If you’re new to Google Analytics, there’s a great five-step tutorial from Tianna Haas at WebFX that you can use to get up to speed quickly.
Make Your Website Mobile-Friendly
As mentioned, it’s common for insurance shoppers to use multiple devices, with smartphones in particular being frequently used. It’s essential then that your website is mobile-friendly and accommodates the needs of users.
A mobile-friendly website should be easy to read without squinting, simple to navigate with buttons and links big enough to be tapped with a finger, and visually appealing, writes Betsy McLeod at online marketing company Blue Corona.
To learn the basics, check out this guide about 10 simple ways to make your site mobile-friendly by internet marketer Winnie Wong.
Invest in SEO
Nearly all customers start their shopping with a search. In fact, Ryan Shelley, founder of digital marketing agency Shelley Media, writes that more than nine out of 10 (93 percent) digital experiences start with a search engine. Without a solid presence on major search engines like Google, it’s going to be an uphill battle reaching young digital customers. That’s why it’s never been more important to invest in SEO.
“Over 50 percent of traffic around the web entered websites by clicking on them in the organic search results,” explains Sherman Standberry, cofounder of Lyfe Marketing. “That means that websites who have invested in SEO are getting over 50 percent of the total traffic across the Internet. And if they rank on the first page, they are seeing over 90 percent of that traffic.”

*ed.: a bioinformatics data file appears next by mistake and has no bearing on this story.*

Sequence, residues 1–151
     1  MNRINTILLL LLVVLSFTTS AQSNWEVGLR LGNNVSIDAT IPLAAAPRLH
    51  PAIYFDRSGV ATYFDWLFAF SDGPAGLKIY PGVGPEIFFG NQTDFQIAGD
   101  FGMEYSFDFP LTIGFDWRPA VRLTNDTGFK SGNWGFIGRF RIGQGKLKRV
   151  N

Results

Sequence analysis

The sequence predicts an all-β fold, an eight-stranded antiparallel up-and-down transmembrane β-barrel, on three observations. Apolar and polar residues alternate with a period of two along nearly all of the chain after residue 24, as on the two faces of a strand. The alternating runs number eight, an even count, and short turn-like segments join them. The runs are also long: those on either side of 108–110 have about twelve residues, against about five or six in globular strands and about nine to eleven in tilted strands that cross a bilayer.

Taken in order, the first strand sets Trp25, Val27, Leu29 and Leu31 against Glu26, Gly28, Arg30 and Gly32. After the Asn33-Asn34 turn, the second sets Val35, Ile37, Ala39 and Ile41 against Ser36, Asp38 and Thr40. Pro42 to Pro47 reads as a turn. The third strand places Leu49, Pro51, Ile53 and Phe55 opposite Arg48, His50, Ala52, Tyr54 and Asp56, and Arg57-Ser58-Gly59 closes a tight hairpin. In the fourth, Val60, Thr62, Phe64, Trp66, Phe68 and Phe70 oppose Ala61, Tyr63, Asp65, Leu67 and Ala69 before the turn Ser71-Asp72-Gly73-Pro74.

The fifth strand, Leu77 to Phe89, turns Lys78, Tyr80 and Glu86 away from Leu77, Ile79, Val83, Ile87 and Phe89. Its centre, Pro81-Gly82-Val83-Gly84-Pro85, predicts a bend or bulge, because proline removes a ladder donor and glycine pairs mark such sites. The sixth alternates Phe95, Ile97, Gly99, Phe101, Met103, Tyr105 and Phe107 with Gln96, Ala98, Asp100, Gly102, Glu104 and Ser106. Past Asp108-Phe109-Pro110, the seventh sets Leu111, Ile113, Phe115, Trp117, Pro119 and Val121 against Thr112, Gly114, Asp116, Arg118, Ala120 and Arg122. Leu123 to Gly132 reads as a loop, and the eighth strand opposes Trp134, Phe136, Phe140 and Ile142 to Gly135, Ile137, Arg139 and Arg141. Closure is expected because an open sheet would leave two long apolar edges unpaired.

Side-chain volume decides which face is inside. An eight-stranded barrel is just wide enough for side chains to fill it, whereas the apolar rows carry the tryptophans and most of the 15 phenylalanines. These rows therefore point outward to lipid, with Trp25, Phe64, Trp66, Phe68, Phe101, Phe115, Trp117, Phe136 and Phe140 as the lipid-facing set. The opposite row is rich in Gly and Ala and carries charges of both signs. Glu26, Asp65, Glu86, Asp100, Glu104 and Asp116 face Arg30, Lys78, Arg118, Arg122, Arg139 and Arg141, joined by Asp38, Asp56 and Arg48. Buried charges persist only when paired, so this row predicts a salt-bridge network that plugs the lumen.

There’s a lot that goes into SEO, and it’s a marketing technique that can take years to master. Marketing consultant Ilia Markov says it essentially boils down to three key areas: Optimizing your website for targeted keywords, making your site accessible to users and search engines, and getting other sites to link to your insurance agency’s site. Markov’s guide is a great resource for SEO basics and will walk you through the process step-by-step.
If you’re not comfortable handling this yourself or don’t have the time, you can always hire a professional agency to take care of your SEO for you. Digital strategy consultant Clark Boyd explains how to choose a reputable company, and includes a list of questions to ask.
Provide an Omnichannel Touchpoint Experience
Success in nearly any industry is contingent upon adaptation. And this is certainly true for the insurance industry. In order to reach millennials and Gen Zers, you have to understand how they go about the insurance buying process, which tends to involve multiple touchpoints.
Adjusting your approach and implementing specific strategies as mentioned will put you on the right track and ensure you can continually reel in young digital customers.